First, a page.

Egypt is the gift of the Nile, wrote Greek historian Herodotus in the fourth century B.C. The country’s dependence on the river has barely abated since then, and it has remained focused on agriculture, which now accounts for 12 percent of its GDP and 20 percent of its workforce. Altogether, the Nile provides for 90 percent of the country’s agricultural needs and domestic consumption. If the reservoir behind the Ethiopian dam is filled too quickly, there are fears that it would significantly lower the river’s annual 85 billion cubic meter flow and adversely affect the quota of water attributed to Egypt in a 1959 treaty, which amended the original 1929 agreement dictated by Great Britain: 55.5 billion cubic meters, with 18.5 for Sudan and barely 13 percent to other Nile basin countries.
Egypt has launched an all-out effort against the GERD project on the basis of its historic treaty rights.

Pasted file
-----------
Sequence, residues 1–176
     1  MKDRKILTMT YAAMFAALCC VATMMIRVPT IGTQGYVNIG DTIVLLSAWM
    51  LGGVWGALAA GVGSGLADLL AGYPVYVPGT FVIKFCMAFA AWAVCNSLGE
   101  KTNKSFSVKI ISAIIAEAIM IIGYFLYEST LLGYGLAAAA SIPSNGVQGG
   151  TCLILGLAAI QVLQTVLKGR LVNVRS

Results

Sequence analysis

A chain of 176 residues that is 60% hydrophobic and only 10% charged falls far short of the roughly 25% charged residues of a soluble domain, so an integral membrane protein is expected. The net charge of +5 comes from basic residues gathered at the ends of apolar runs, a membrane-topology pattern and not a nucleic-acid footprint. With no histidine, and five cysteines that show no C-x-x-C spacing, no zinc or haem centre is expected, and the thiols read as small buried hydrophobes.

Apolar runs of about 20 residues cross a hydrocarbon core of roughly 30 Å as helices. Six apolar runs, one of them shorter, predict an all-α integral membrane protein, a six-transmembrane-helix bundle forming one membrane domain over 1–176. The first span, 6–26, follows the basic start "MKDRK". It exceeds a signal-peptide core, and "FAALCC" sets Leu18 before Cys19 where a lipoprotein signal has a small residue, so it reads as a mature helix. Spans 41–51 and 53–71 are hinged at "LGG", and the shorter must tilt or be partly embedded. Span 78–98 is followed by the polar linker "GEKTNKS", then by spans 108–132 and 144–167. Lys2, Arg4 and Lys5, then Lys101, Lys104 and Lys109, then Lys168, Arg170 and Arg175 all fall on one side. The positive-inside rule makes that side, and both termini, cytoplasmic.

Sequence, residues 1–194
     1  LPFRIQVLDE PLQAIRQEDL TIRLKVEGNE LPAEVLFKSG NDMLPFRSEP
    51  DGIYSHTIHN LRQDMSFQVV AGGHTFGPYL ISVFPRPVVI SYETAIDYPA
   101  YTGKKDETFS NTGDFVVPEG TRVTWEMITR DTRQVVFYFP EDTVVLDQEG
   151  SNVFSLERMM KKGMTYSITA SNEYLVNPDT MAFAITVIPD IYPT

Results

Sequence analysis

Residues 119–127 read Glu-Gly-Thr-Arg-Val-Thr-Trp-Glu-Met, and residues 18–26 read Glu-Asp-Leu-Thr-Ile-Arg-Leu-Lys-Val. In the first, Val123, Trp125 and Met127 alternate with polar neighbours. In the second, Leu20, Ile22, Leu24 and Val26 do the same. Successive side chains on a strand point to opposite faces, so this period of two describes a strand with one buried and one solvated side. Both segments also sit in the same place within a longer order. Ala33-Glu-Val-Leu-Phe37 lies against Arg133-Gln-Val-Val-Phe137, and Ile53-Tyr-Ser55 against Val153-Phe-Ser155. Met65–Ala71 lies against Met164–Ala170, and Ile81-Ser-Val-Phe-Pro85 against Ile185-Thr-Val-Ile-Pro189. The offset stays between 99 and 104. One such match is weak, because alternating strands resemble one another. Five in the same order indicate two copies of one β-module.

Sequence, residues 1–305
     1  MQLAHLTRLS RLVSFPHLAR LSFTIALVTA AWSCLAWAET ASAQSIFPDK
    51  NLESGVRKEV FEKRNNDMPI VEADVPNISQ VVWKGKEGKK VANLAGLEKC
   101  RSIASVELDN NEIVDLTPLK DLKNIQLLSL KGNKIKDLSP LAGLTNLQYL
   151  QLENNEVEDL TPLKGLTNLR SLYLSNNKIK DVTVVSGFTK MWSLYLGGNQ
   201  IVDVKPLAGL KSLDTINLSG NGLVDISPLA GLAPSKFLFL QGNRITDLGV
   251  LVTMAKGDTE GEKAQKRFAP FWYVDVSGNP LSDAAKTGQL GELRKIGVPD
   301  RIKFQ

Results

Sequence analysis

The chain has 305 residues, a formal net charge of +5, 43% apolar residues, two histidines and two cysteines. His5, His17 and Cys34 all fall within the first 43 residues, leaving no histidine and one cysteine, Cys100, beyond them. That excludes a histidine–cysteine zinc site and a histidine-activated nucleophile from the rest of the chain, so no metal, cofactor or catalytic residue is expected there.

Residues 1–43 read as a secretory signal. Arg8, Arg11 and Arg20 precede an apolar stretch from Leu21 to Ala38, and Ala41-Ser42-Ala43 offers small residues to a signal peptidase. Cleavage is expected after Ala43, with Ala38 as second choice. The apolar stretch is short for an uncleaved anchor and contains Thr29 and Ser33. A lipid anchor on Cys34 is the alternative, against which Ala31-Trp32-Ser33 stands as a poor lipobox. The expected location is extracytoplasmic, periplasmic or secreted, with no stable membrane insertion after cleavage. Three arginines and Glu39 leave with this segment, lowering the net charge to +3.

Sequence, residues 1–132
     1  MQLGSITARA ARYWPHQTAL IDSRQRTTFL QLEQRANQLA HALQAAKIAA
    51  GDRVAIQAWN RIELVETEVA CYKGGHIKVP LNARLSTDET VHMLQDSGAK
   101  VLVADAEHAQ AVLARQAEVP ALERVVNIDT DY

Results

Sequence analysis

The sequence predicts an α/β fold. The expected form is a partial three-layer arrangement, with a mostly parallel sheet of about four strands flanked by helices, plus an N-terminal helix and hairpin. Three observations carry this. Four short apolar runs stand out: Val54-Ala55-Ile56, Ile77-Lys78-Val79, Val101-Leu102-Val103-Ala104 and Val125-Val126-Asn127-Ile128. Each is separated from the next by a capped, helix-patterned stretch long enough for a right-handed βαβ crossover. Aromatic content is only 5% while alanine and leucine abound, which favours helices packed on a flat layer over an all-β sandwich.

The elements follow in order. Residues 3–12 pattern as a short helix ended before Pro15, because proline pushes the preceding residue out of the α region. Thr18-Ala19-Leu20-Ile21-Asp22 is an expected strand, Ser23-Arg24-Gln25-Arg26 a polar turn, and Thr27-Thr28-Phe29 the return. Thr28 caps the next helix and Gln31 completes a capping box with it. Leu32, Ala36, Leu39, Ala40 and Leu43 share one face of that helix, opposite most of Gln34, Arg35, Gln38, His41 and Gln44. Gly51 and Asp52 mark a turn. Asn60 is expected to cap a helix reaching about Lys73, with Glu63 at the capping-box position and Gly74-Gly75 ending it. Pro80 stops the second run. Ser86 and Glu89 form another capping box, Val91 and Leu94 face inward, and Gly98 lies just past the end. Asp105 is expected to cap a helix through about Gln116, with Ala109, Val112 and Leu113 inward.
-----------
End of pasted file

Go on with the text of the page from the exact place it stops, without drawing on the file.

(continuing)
In accordance with previous treaties, Cairo would also keep supervising the flow of the Nile and have a veto over the construction of dams and other water installations in Nile basin countries: Ethiopia, Sudan, South Sudan, Tanzania, Uganda, Burundi, Rwanda, Kenya, and the Democratic Republic of Congo. A team of Egyptian experts is stationed north of Lake Victoria in Uganda to monitor the flow of water and how it is used in neighboring countries. It must be remembered that quotas and other dispositions were attributed in 1929, at a time when Great Britain was a colonial power ruling Egypt and Sudan.